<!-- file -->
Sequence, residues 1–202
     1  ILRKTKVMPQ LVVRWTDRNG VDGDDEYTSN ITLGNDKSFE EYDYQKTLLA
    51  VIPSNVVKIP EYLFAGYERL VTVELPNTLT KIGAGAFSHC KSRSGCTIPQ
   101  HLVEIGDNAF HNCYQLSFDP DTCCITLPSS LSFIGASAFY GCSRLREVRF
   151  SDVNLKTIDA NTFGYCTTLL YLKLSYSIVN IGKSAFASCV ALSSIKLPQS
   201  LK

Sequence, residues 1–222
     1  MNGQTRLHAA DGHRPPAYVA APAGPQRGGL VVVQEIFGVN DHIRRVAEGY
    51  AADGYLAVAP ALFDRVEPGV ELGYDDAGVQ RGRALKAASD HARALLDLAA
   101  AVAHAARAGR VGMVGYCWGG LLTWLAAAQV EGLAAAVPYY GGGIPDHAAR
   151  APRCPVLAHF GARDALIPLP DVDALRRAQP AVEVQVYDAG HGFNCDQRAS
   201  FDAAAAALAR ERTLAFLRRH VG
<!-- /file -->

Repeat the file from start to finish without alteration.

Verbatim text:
Sequence, residues 1–202
     1  ILRKTKVMPQ LVVRWTDRNG VDGDDEYTSN ITLGNDKSFE EYDYQKTLLA
    51  VIPSNVVKIP EYLFAGYERL VTVELPNTLT KIGAGAFSHC KSRSGCTIPQ
   101  HLVEIGDNAF HNCYQLSFDP DTCCITLPSS LSFIGASAFY GCSRLREVRF
   151  SDVNLKTIDA NTFGYCTTLL YLKLSYSIVN IGKSAFASCV ALSSIKLPQS
   201  LK

Sequence, residues 1–222
     1  MNGQTRLHAA DGHRPPAYVA APAGPQRGGL VVVQEIFGVN DHIRRVAEGY
    51  AADGYLAVAP ALFDRVEPGV ELGYDDAGVQ RGRALKAASD HARALLDLAA
   101  AVAHAARAGR VGMVGYCWGG LLTWLAAAQV EGLAAAVPYY GGGIPDHAAR
   151  APRCPVLAHF GARDALIPLP DVDALRRAQP AVEVQVYDAG HGFNCDQRAS
   201  FDAAAAALAR ERTLAFLRRH VG